Climate Week En Review, May 10, 2019
Hello! I come to you only slightly recovered from volunteering on the campaign for the non-partisan mayor's race (you know how I love mayors) held in my town on Monday. My candidate won, and I won too because now I know I never want to work on a national campaign. #exhausting
Help wanted: In a shift from the previous administration, Florida Governor Ron DeSantis, who last month appointed a Chief Science Officer, announced he is now seeking a Chief Resilience Officer. The job will include coordinating Florida's preparations for "environmental, physical and economic impacts of climate change, especially sea level rise," according to a job posting. On that note, applications are being taken through the end of the month.
🌎And we think it'd be pretty cool to have a friend of the EcoRight in this position.🌎
The Chief Resilience Officer would work with the Florida Department of Environmental Protection and other agencies to: develop statewide resilience goals; identify resources already targeted towards resilience efforts; coordinate scientific data, research, and analysis needs across state agencies; and cultivate and maintain relationships with communities to plan for and implement resilience projects and ensure communities throughout Florida are climate ready. "My environmental policy is just to try to do things that benefit Floridians," DeSantis has said.
Quote of the week: "The president's comments on climate change are damaging because it gives an incentive for those who don't place a high priority on the issue to go along with that,"
said former Rep. Ryan Costello (R-PA) who now works for Americans for Carbon Dividends. "For the Republican Party to be a majority party in 10 years and in 20 years there will have to be a clear set of climate solutions as policies proposed and voted on, and what that is remains to be seen."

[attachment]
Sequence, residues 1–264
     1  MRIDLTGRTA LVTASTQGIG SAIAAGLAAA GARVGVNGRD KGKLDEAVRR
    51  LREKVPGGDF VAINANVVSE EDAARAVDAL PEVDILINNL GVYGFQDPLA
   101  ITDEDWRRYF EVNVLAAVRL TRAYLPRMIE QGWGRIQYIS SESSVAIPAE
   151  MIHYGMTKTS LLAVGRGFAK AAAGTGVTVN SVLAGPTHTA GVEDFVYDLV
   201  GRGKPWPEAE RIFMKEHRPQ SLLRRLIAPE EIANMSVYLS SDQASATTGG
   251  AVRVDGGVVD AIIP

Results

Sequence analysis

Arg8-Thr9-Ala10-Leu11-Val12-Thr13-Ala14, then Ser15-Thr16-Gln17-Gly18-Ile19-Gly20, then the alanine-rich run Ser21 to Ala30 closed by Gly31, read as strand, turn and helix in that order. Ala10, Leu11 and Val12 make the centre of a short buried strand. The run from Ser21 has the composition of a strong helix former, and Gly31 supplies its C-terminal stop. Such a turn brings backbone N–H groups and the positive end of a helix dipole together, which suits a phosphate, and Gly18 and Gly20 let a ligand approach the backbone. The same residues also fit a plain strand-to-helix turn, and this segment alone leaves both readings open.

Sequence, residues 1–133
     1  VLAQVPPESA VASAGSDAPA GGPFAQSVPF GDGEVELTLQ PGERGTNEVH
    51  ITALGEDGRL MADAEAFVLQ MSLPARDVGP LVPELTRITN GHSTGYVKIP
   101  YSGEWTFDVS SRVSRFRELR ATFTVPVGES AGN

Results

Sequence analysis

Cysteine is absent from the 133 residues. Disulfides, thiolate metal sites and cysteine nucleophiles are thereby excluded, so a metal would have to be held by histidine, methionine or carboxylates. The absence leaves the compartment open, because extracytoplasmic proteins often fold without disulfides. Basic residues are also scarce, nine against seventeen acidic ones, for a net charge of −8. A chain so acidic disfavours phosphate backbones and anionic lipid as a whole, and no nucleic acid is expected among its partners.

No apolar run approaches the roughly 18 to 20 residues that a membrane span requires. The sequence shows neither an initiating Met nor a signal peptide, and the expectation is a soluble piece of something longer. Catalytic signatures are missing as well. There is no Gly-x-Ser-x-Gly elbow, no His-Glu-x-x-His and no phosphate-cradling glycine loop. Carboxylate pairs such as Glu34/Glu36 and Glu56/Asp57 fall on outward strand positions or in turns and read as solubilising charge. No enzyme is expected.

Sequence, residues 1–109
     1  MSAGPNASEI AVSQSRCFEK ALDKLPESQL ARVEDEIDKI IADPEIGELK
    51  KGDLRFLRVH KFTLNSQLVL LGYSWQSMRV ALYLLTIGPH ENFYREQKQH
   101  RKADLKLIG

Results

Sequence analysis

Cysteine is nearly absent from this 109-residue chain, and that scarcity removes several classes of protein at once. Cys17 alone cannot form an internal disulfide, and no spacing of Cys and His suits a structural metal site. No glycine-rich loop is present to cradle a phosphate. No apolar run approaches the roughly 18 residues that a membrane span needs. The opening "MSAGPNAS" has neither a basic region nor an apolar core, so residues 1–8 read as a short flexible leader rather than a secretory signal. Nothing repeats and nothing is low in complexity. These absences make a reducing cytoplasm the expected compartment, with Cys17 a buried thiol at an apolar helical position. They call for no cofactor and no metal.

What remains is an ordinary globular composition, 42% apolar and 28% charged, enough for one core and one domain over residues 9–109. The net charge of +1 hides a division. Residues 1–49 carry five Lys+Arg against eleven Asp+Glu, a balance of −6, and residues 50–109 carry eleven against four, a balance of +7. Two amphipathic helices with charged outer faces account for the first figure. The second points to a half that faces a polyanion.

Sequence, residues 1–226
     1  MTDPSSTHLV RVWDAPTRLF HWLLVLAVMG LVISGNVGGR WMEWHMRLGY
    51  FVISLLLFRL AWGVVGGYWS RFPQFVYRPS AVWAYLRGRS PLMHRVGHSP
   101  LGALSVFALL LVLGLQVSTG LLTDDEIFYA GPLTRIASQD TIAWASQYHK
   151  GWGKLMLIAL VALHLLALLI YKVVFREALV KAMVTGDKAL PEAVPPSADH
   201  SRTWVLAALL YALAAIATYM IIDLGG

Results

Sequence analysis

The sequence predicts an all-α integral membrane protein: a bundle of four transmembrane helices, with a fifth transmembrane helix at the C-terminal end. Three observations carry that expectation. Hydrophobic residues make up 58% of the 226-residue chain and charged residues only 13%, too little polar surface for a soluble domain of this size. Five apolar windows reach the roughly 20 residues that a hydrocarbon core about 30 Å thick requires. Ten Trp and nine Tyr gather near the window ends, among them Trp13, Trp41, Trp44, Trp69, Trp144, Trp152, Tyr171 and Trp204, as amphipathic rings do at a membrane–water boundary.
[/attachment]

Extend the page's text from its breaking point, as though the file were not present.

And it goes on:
Low cost, low drama, big results: Our friends at American Action Forum put the wonk in wonky on the regular, and their analysis is always spot on. "A well-designed, revenue-neutral carbon tax has the potential to have little or even beneficial impacts to the economy," according to their latest findings. "In a comparison of policies, if the outcome is to seek the most benefits for the least cost, a market-based approach to emissions reduction is far superior to the more dramatic proposals that have been included in the GND." Rather see for yourself? A picture says a thousand words:
Related… the Alliance for Market Solutions has found similar results in their analysis.
“Republican lawmakers who oppose a #CarbonTax are usually motivated by a belief that their constituents will get a raw deal…research demonstrates that concerns over the outsized impact that such a tax would have on Republican jurisdictions are unfounded." https://t.co/vNtEA3IoHa
— AMSResearchOrg (@AMSResearchOrg) May 9, 2019
This week's must read: Florida's Rep. Rooney wants Republicans to embrace a carbon tax (Bloomberg Tax) Key takeaway: "Why do we always have to be the people saying no and burying our heads in the sand when scientists all around the world are saying, 'We've got some problems here,'" Rooney says, calling his bill, HR 763, a free-market way to "head off something worse."
Climate classifieds: We frequently get forwarded job announcements and thought this would be a good place to share them.
Go conquer the EcoRight world!
Whether you have a mother, are a mother, know a mother, love a mother, or some combination, have a great weekend!